clouds at bay. This will have to be watched overnight, however.
Tight pressure gradient between high pressure moving to our east and
incoming area of lower pressure will lead to gusty southeasterly
winds for Saturday, with gusts from 20 to 25 knots possible. Mainly
high clouds are expected during the daytime ahead of the next
system, which looks to spread in rain/snow chances and lower clouds
later Saturday night.
Area Forecast Discussion
National Weather Service Green Bay WI
614 PM CST Fri Nov 15 2019
Updated aviation portion for 00Z TAF issuance
.SHORT TERM...Tonight and Saturday
Issued at 210 PM CST Fri Nov 15 2019
The latest RAP analysis and satellite/radar imagery show surface
high pressure over northwest Ontario and a weak cold front
settling over the southern part of the Badger state. Some low
clouds have pushed into far northern WI off Lake Superior, but
otherwise, mostly clear skies prevail across northern Wisconsin.
Meanwhile, the next system is moving into the Pacific Northwest.
As this system draws closer to the region, forecast concerns
mainly revolve around clouds and temps.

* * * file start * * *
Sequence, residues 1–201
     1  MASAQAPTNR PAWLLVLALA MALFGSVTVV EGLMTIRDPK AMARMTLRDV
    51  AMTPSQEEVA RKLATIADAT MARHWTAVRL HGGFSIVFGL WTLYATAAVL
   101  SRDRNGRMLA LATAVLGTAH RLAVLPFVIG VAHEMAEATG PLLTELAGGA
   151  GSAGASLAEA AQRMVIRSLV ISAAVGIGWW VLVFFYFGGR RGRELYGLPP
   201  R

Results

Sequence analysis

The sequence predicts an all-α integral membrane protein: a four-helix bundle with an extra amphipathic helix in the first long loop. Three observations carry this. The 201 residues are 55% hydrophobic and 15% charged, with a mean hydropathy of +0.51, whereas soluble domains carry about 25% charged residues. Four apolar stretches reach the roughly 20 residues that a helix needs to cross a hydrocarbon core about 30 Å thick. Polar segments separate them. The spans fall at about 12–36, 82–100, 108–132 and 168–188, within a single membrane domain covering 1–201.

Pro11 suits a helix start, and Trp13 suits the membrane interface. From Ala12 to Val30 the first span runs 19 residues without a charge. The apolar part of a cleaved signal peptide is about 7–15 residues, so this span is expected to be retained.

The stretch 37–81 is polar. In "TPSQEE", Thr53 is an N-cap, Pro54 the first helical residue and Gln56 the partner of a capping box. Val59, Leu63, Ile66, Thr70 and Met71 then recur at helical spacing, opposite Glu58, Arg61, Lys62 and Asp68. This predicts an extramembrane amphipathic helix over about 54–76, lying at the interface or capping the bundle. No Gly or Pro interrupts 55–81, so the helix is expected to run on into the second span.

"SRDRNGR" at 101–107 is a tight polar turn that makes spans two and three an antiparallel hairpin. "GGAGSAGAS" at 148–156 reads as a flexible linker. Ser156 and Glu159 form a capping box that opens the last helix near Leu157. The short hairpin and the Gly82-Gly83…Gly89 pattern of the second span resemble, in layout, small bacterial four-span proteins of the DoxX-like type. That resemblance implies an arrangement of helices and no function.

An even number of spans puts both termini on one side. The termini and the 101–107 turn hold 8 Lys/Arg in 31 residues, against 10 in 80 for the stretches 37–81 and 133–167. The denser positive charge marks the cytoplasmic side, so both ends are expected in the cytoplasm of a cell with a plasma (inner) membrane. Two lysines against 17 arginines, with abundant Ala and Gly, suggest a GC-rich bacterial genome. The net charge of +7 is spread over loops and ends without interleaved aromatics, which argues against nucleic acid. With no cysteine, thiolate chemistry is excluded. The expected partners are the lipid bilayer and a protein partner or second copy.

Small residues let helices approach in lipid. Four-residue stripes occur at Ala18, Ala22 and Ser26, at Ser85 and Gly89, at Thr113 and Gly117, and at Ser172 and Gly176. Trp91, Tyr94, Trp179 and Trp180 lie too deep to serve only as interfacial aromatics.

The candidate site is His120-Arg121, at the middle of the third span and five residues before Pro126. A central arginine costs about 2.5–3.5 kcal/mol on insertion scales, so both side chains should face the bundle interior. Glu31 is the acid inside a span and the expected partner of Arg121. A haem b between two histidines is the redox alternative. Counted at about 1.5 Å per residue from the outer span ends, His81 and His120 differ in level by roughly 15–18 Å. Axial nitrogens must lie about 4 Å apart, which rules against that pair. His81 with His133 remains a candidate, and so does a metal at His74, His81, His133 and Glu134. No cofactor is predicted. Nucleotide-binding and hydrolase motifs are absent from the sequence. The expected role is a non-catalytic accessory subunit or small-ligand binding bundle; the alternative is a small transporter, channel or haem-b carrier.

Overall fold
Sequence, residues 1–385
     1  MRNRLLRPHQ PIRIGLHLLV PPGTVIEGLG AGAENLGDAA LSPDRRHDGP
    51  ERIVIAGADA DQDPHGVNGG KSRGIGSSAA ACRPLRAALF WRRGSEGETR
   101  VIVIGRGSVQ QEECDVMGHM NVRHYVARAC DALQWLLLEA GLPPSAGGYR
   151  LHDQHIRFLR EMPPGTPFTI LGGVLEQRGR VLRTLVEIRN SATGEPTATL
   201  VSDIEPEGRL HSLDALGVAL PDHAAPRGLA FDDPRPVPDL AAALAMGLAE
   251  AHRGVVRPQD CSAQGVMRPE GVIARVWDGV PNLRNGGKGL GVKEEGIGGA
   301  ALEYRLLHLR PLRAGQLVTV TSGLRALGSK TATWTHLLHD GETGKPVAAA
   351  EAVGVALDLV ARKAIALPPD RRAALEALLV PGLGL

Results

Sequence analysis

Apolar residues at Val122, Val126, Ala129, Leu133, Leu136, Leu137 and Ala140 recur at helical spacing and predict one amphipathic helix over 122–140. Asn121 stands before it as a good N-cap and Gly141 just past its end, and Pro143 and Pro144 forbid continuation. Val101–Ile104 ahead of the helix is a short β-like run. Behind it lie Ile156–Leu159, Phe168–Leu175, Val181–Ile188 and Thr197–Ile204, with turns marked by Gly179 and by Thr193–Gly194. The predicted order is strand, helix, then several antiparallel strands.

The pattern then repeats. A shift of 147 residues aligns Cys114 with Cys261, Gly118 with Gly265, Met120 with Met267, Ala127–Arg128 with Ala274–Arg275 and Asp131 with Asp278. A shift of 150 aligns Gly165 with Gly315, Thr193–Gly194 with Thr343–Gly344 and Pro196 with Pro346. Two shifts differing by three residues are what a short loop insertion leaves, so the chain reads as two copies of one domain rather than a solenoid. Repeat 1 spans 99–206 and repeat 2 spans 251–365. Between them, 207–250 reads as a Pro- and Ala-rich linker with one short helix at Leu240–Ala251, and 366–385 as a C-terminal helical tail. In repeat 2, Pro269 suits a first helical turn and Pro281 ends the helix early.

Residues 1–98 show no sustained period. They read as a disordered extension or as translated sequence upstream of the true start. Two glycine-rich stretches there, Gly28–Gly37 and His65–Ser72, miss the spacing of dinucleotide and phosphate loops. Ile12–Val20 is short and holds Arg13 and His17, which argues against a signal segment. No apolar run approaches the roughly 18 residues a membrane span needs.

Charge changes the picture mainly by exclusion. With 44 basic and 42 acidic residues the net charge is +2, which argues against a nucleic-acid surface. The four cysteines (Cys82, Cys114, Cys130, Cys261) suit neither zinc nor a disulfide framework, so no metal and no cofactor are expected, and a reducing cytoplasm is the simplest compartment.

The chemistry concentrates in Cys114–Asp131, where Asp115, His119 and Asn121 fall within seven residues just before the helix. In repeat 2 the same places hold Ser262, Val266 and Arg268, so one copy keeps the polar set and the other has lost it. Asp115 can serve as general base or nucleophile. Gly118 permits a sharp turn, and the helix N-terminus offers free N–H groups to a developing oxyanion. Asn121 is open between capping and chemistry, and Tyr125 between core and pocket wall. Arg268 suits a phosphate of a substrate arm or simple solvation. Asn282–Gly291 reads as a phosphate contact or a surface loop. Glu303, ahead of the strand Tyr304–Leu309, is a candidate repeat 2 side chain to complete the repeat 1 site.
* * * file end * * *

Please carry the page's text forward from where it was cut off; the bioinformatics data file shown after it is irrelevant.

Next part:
Tonight...The high pressure system will slide to the southeast
across the far northern Great Lakes. After a mostly clear start to
the evening, winds will be veering to the northeast and then
southeast through the night. Delta T`s will be more than
sufficient for lake clouds to move inland over the lakeshore late
this evening, and possibly move into the Fox Valley and Bayshore
areas after midnight. Forecast soundings look quite dry above
925mb, so don`t think will see any precip. Otherwise, will see mid
and high clouds increase through the night ahead of the next
system. Some low clouds may also redevelop over north-central WI
late as moisture returns north. Due to onshore flow and increasing
clouds, temps should remain relatively mild and range from the
mid teens to mid 20s.
Saturday...High pressure will continue to exit east of the region
while the next front moves across the Dakotas. Low clouds are
expected to remain over parts if not most of the area during the
morning. Some erosion of the low clouds may occur with heating
during the late morning and afternoon. It will likely remain a
mostly cloudy day though, as a result of a blanket of mid and
high clouds. Highs should remain mild despite the cloud cover and
range from the middle to upper 30s.
.LONG TERM...Saturday Night Through Friday
Issued at 210 PM CST Fri Nov 15 2019